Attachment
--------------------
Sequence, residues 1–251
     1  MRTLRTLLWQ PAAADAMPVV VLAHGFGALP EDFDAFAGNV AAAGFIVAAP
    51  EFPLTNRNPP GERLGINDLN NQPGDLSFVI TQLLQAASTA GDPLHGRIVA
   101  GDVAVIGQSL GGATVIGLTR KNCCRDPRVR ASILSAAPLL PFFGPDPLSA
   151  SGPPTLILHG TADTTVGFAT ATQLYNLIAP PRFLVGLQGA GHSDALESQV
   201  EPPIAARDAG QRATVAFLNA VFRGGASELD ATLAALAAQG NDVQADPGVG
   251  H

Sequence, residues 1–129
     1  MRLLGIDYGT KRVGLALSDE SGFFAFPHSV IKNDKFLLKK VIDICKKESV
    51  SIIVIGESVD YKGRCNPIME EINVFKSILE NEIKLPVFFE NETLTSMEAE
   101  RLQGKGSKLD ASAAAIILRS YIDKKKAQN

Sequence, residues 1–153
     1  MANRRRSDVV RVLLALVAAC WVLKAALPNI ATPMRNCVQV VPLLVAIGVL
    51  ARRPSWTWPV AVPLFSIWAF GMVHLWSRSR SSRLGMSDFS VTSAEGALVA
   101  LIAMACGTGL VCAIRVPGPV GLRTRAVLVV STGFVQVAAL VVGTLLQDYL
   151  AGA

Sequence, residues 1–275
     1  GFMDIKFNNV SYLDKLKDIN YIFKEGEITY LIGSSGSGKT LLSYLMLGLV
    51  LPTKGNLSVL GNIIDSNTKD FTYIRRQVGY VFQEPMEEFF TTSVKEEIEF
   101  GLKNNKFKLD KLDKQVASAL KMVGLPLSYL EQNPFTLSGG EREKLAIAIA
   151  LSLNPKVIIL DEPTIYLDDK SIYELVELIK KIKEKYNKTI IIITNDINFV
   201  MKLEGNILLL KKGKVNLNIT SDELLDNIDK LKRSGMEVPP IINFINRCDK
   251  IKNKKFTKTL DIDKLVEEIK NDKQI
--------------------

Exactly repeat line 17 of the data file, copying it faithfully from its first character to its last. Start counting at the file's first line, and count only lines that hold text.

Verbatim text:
Sequence, residues 1–275